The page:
The world’s urban centers have taken on increasing importance and power as economic engines of growth and places to live, with more than half the world’s population now in cities. With this growth expected to continue in the decades ahead, city leaders face numerous challenges as far as infrastructure and service delivery is concerned.

One of the most promising solutions to this increasingly complex urban problem is making cities smarter through the use of sensor technology: tiny electronic devices that can measure and track just about anything that goes on in a city. But does the technology really work, and does it generate the kind of benefits that proponents claim?

This special report, broken up into five sections below, looks at the growing number of sensor-based smart cities, the ways in which the technology can be used, how citizens and research organizations play a growing role and, most importantly, the potential risks of relying on a sensor-based approach to making a city smarter.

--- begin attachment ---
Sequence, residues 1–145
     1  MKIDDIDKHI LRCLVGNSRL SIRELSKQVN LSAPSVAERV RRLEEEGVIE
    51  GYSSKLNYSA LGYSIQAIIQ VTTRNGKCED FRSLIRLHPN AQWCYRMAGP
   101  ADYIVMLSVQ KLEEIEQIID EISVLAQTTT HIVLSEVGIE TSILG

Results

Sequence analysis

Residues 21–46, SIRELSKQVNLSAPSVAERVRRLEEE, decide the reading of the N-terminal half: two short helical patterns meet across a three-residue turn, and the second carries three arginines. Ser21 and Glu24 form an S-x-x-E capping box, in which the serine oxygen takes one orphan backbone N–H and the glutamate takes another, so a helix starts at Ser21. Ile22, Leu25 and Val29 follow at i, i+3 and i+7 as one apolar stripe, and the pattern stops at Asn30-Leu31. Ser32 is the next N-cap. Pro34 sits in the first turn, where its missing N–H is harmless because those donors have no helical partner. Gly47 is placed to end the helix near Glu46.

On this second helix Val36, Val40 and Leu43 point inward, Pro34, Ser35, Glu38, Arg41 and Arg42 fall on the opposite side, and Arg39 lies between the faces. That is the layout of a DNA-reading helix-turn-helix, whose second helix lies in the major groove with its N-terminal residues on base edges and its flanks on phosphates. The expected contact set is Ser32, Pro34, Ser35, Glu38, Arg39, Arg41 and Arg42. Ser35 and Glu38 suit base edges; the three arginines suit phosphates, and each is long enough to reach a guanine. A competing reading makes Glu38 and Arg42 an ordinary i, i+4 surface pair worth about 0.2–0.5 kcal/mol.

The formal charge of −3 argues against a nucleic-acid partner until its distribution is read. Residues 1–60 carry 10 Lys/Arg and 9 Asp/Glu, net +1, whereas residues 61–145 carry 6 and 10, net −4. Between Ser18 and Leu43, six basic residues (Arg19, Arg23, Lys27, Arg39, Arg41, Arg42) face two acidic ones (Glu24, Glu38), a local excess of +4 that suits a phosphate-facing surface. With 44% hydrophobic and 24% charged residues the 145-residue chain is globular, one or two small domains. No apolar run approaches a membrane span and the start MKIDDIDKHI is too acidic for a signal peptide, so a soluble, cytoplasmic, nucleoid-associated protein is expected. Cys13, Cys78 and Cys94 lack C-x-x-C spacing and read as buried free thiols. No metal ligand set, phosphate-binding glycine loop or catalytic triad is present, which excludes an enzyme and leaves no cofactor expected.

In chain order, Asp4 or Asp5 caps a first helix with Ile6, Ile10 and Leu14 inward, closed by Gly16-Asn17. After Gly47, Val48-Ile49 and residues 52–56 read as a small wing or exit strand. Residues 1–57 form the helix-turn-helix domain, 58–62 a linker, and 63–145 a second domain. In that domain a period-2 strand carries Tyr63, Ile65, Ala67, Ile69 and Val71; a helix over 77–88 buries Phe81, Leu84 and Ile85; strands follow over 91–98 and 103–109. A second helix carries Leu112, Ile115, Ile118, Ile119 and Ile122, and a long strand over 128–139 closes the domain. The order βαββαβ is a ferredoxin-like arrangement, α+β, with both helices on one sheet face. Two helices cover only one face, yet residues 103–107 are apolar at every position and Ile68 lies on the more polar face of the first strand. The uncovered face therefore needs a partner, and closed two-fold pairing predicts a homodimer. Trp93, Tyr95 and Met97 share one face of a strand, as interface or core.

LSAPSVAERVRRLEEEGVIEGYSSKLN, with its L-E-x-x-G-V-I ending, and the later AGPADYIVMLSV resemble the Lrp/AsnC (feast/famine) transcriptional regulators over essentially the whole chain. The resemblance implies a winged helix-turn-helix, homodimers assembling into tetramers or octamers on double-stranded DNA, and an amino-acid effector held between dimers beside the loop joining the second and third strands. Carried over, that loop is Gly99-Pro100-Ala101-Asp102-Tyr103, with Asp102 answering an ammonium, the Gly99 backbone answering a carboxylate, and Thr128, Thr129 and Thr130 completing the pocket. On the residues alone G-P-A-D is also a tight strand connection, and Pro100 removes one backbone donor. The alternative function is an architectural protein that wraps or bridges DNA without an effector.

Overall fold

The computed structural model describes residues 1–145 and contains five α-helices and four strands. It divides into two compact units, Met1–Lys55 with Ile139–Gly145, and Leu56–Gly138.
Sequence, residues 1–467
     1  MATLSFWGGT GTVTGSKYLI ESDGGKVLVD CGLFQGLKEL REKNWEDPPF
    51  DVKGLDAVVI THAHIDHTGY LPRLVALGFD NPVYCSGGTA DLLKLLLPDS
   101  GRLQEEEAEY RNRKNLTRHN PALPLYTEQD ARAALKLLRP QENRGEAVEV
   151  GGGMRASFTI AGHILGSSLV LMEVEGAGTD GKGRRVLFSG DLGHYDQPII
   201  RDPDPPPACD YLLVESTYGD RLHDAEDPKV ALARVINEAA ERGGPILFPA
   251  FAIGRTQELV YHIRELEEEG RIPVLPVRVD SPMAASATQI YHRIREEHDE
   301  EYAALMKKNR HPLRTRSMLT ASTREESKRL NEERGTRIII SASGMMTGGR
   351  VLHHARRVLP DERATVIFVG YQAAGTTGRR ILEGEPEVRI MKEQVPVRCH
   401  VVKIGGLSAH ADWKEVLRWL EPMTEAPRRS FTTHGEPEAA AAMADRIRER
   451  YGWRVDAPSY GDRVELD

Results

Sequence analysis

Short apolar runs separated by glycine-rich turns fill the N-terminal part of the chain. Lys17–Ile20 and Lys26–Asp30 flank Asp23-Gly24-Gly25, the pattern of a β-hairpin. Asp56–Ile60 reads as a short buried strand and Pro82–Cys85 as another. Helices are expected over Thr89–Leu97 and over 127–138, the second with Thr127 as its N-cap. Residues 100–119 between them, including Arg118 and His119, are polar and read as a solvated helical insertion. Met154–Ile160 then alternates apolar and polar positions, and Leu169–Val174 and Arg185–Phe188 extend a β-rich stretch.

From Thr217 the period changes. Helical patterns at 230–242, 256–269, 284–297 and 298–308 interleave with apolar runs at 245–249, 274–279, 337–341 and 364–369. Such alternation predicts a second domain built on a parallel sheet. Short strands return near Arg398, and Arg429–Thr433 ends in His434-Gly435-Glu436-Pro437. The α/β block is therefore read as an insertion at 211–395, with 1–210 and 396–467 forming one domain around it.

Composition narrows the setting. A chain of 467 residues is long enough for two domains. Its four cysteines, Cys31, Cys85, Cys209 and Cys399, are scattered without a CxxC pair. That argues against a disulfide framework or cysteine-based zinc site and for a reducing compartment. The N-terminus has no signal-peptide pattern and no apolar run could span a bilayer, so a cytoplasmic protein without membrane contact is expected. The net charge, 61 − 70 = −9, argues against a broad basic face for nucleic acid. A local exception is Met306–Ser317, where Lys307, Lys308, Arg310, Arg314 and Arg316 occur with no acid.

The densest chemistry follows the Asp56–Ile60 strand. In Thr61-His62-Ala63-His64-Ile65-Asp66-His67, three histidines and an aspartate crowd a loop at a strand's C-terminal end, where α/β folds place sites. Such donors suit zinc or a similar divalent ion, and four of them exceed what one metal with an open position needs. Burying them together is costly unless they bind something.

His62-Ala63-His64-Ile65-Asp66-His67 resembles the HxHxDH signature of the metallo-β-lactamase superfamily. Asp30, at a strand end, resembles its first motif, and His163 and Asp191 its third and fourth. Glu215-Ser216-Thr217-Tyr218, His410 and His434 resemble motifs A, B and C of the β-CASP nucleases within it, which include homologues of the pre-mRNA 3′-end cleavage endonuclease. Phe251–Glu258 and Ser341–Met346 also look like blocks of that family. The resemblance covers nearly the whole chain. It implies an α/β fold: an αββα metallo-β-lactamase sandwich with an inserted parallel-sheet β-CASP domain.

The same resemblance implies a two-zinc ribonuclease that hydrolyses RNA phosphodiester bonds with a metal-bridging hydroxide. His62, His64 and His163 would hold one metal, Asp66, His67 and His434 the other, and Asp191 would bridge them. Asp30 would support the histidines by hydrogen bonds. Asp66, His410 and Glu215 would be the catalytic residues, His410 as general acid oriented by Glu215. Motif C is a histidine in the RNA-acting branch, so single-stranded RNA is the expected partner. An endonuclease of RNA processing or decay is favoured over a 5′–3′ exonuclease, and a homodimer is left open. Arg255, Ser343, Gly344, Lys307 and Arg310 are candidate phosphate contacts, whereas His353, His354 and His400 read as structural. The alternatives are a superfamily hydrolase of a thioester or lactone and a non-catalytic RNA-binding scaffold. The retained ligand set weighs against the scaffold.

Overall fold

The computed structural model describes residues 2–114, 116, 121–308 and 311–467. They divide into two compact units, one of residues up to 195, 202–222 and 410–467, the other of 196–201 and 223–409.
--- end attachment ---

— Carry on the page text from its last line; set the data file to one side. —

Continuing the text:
Section I: The Rise of the Sensor-Based Smart City

Section II: Scaling Up Sensor-Based Smart Cities Proves Difficult

Section III: The Boom in Urban Data Labs Helps Support Growth in Smart Cities

Section IV: The Role of Citizens in Smart Cities Looks Promising, but Remains Unclear

Section V: 6 Principles in Planning City-Level Sensor Projects

Tod Newcombe  |  Senior Editor

With more than 20 years of experience covering state and local government, Tod previously was the editor of Public CIO, e.Republic’s award-winning publication for information technology executives in the public sector. He is now a senior editor for Government Technology and a columnist at Governing magazine.